Research what kinds of foods are native to that species. That way, your baby lizard will have natural instincts on what it can feed on immediately from hatching.
Always wash vegetables and plants before your lizard comes in contact with them. Sometimes they may have insecticides, pesticides, or other harsh chemicals which can prove toxic to lizards who ingest them.
Boiling or steaming vegetables can often drain them of essential minerals and nutrients. Some vegetables, like lettuce (made mainly of water), offer zero nutritional value to lizards and should be avoided. Fruit is often sugary– only use them as a treat sparingly!
Some herbivore lizards may require additional supplements to keep them healthy. Often pet owners must buy calcium and phosphorus capsules or powders to coat food in to keep their bones healthy.
Examples of herbivore lizards that make good pets include several types of the green iguana, uromastyx, and geyri.
Carnivorous baby lizards are widespread. They will instinctively hunt for small prey to catch and try to kill. Some easy foods they can have early success eating include eggs, small slices of chicken or fish, and mice.
It’s always a good thing to remember that while carnivore baby lizards will attempt to kill prey, they may not have the strength or size to do so. Always provide dead animals to your baby pet so they can practice. Live prey may cause unwanted injury.
Examples of carnivore lizards that make good pets include monitors and tegus.
Some lizards are known as insectivores and will only consume insects. These are much easier to provide food for, as insects are easy for babies to kill.
Many pet shops supply lizard food, including crickets, mealworms, bloodworms, ants, and roaches. Always buy insects from reputable pet stores, as you will know they’ve been killed and preserved without harsh chemicals. These are usually specially prepared to have added nutrition for your lizard.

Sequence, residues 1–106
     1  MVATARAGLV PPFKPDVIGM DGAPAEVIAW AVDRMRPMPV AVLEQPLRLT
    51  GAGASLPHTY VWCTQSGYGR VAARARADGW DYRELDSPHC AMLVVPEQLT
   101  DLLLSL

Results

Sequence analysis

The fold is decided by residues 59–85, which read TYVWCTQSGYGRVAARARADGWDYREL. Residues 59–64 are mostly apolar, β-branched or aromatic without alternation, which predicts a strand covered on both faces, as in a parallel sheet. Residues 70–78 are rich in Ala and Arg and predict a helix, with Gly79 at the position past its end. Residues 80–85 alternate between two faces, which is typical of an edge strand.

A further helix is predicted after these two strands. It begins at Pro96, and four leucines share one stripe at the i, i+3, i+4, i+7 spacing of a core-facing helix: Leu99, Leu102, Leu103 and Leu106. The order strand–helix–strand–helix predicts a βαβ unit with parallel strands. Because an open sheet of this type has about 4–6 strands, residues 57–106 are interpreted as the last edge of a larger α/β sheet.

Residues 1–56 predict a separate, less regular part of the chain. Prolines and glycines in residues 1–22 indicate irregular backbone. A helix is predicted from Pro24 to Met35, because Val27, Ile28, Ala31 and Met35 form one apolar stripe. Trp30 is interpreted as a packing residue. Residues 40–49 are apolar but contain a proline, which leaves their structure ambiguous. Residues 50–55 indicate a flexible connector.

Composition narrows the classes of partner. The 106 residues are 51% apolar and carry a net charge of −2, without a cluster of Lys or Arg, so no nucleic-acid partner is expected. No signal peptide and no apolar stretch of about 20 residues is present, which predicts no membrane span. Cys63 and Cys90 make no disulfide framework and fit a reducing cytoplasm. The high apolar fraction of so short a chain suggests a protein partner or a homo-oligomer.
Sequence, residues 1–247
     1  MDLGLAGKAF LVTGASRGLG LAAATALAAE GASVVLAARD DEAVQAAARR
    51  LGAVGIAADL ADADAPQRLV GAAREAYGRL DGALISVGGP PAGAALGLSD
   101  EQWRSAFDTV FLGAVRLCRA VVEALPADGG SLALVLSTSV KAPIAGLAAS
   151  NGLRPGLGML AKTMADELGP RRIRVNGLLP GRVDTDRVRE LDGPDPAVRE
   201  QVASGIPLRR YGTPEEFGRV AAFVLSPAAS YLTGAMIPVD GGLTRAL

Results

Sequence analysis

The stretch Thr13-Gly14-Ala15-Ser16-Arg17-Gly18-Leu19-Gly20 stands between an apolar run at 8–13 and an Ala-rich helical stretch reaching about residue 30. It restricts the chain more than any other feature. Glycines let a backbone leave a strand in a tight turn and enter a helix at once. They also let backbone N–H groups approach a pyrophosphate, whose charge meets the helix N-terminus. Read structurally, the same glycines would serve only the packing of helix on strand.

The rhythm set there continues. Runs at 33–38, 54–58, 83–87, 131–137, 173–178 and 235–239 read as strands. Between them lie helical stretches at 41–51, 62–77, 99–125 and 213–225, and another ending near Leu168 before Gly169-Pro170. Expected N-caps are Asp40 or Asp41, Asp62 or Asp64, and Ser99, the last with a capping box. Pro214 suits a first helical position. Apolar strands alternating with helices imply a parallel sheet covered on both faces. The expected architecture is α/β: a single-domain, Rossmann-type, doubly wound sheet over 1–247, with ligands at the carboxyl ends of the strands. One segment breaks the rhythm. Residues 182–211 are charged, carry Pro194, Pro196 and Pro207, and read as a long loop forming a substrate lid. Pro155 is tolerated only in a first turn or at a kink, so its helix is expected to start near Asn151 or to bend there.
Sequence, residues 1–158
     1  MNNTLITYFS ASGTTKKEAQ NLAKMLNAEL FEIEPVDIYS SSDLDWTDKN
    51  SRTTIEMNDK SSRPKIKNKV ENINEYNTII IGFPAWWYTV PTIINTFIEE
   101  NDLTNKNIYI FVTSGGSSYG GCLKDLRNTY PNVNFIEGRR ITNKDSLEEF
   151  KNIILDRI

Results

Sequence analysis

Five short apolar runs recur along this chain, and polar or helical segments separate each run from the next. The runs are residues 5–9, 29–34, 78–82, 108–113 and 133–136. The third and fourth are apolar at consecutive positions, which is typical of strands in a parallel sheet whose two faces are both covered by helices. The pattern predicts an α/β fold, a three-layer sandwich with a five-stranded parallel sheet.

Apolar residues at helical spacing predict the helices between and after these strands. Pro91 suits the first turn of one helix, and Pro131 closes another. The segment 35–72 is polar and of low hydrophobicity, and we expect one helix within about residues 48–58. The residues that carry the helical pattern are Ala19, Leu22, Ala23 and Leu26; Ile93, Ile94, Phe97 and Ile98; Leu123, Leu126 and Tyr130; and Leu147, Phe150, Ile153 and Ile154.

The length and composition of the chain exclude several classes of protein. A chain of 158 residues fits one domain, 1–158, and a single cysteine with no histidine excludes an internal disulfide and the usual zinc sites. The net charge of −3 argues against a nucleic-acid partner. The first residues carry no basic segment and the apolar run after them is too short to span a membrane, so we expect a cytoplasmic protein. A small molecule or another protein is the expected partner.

Avoid insects like spiders, ticks, and scorpions, as these are often toxic to lizards. Never hand-pick insects from your garden because they may be toxic and carry diseases and parasites that can negatively impact your pet.
Examples of insectivores include emerald swifts and long-tailed grass lizards.
Omnivore lizards will eat both vegetation and meat. Many lizards can start life with carnivores but slowly adapt to different diets as they get older. Adult lizards eat less and less meat because they don’t require protein to fuel bone development.
You should research the life cycle of your pet to see if and when their diet may change, including when they reach their full size. Examples of omnivore lizards include bearded dragons, skinks, and geckos.
How often and how much do baby lizards eat?
Baby lizards are born with a fully developed digestive system, like an adult lizard. For that reason, you can tailor their food quite effectively.